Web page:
Hakonechloa macra 'Aureola'
Photo Courtesy of Walters Gardens, Inc.
| ||Common Name: Grass-Ornamental|
Common Name (Alternative): Golden Variegated Hakone Grass, Japanese Forest Grass
An intriguing grass for the shade which is perfect for the formal Japanese garden. Variegated but nearly all yellow, the leaf blades have narrow green stripes, mostly near the margins. Perhaps its most fascinating attribute is the cascading habit in which most of the leaves arch in the same direction, appearing much like a golden waterfall. Plant this grass where it will cascade down slopes, drape over rocks, crawl over the edges of walls, at the front of the garden, or even in containers.
Though this grass does spread by rhizomes, it is a slow grower and will not rapidly overtake its neighbors. When grown in part shade, the yellow tones in the leaves will be most pronounced. In deep shade, the variegation will be lime green. In the cooler days of autumn, the golden foliage becomes infused with shades of pink and red. People in milder climates will be able to enjoy the buff color of this grass all winter. In colder climates, it will die all the way back to the ground.
Hakonechloa is grown mainly for its beautiful foliage, though it does produce seed heads. Tiny, inconspicuous flower spiklets appear in airy clusters from late summer thru early fall.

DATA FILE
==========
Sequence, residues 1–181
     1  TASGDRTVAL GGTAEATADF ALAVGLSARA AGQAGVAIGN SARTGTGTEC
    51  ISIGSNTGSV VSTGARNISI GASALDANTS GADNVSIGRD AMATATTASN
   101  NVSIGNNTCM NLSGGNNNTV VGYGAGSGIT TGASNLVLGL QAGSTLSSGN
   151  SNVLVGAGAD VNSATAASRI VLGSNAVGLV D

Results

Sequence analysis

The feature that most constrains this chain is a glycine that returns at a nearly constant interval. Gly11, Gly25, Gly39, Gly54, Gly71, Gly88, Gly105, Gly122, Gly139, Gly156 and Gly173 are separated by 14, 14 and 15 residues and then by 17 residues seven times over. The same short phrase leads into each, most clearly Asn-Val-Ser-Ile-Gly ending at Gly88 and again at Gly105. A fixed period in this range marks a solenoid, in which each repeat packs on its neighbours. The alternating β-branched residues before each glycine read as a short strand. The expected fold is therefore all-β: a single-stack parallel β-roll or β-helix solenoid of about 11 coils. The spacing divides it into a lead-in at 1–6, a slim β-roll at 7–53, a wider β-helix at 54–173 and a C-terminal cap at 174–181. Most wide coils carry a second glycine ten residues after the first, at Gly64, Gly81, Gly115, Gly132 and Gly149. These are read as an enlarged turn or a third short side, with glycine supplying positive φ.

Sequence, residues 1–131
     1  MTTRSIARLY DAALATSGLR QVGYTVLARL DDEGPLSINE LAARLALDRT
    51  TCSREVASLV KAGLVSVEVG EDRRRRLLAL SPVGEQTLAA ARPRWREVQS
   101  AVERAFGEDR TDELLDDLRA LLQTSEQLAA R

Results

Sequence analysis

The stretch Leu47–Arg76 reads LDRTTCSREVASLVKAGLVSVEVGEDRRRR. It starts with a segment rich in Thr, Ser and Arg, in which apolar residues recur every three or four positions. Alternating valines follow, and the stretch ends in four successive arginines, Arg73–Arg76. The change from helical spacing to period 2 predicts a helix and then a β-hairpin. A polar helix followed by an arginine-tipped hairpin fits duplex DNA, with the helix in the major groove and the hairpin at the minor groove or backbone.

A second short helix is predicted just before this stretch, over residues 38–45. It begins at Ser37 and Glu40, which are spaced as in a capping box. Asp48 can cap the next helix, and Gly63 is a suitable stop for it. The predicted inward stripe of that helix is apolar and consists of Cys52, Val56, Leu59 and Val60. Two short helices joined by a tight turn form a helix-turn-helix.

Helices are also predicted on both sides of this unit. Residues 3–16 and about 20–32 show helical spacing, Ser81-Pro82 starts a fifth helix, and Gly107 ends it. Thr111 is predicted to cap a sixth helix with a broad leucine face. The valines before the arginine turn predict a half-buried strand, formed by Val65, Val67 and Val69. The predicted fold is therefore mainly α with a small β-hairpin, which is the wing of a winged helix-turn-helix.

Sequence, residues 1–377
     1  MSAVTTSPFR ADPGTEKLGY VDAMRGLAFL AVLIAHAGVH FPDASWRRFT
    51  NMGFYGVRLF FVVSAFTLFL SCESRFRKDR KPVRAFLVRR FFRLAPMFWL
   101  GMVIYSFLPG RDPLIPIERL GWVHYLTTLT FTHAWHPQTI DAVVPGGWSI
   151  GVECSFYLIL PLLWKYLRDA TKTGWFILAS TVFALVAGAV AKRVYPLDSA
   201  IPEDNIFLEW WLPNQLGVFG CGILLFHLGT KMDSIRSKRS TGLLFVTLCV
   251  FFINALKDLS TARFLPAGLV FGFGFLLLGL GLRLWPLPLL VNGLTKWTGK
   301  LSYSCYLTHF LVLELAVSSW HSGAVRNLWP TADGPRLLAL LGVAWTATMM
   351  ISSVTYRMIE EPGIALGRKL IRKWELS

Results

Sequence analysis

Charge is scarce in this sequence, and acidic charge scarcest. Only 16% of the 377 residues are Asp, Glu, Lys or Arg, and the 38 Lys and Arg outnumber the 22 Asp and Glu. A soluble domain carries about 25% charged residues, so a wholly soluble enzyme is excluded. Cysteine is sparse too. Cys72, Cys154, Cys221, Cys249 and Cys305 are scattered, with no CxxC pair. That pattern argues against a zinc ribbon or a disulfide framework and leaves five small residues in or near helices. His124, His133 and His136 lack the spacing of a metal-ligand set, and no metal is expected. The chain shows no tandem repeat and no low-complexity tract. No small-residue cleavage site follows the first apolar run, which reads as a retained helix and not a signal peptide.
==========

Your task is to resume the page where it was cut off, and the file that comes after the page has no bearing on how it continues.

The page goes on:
Origin: Not Native to North America
Sun or Shade?:
Part shade (4-6 hrs. direct sun)
Full shade (< 4 hrs. direct sun)
Wet or dry?:
Average water needs
Consistent water needs
Need critter resistant plants?:
How fast should it grow?:
When should it bloom?:
Grown for its attractive foliage
How's your soil?:
Sweet or Sour Soil?:
Acidic Soil (pH < 7.0)
Neutral Soil (pH = 7.0)
What's your garden style?:
Hakonechloa is most at home in shaded, woodland environments where the soil is rich and loamy. This grass will not grow in poorly drained soil, heavy clay, or very dry soils. Part to full shade is best; full hot sun tends to scorch the leaves.
Since it is such a slow grower, it will not be necessary to divide this grass for many years. However, division is easily accomplished and may be done in spring or fall. In zones 5-6, mulch it with fall leaves to a depth of about 2 feet and cover the pile with branches to keep the mulch in place. In southern zones, this mulch is not necessary. In early spring, remove the leaves and cut back last year's foliage to allow room for the new growth.
The name Hakonechloa dissected:
"Hakone" is the area near Mt. Fuji in Japan where this grass is found growing naturally.
"chloa" means "grass".
Thus, Hakonechloa means "grass from Japan".